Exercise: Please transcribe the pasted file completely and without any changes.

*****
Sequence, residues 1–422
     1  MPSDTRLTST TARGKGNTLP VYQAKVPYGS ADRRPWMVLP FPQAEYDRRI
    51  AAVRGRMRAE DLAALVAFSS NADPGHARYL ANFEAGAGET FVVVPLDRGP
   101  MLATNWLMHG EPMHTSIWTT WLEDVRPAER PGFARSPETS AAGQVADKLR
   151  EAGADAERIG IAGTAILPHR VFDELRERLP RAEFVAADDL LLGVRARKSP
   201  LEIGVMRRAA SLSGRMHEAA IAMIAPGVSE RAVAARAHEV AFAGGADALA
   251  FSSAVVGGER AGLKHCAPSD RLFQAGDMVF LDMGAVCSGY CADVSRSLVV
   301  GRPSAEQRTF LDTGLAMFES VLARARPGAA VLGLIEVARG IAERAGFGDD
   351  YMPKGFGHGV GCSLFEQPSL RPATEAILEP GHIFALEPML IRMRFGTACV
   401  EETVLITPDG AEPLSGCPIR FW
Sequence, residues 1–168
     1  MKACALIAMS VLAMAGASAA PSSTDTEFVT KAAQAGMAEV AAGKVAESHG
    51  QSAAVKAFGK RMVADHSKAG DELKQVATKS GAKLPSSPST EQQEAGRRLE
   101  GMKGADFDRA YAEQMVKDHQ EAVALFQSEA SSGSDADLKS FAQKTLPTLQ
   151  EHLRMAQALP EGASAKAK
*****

Sequence, residues 1–422
     1  MPSDTRLTST TARGKGNTLP VYQAKVPYGS ADRRPWMVLP FPQAEYDRRI
    51  AAVRGRMRAE DLAALVAFSS NADPGHARYL ANFEAGAGET FVVVPLDRGP
   101  MLATNWLMHG EPMHTSIWTT WLEDVRPAER PGFARSPETS AAGQVADKLR
   151  EAGADAERIG IAGTAILPHR VFDELRERLP RAEFVAADDL LLGVRARKSP
   201  LEIGVMRRAA SLSGRMHEAA IAMIAPGVSE RAVAARAHEV AFAGGADALA
   251  FSSAVVGGER AGLKHCAPSD RLFQAGDMVF LDMGAVCSGY CADVSRSLVV
   301  GRPSAEQRTF LDTGLAMFES VLARARPGAA VLGLIEVARG IAERAGFGDD
   351  YMPKGFGHGV GCSLFEQPSL RPATEAILEP GHIFALEPML IRMRFGTACV
   401  EETVLITPDG AEPLSGCPIR FW
Sequence, residues 1–168
     1  MKACALIAMS VLAMAGASAA PSSTDTEFVT KAAQAGMAEV AAGKVAESHG
    51  QSAAVKAFGK RMVADHSKAG DELKQVATKS GAKLPSSPST EQQEAGRRLE
   101  GMKGADFDRA YAEQMVKDHQ EAVALFQSEA SSGSDADLKS FAQKTLPTLQ
   151  EHLRMAQALP EGASAKAK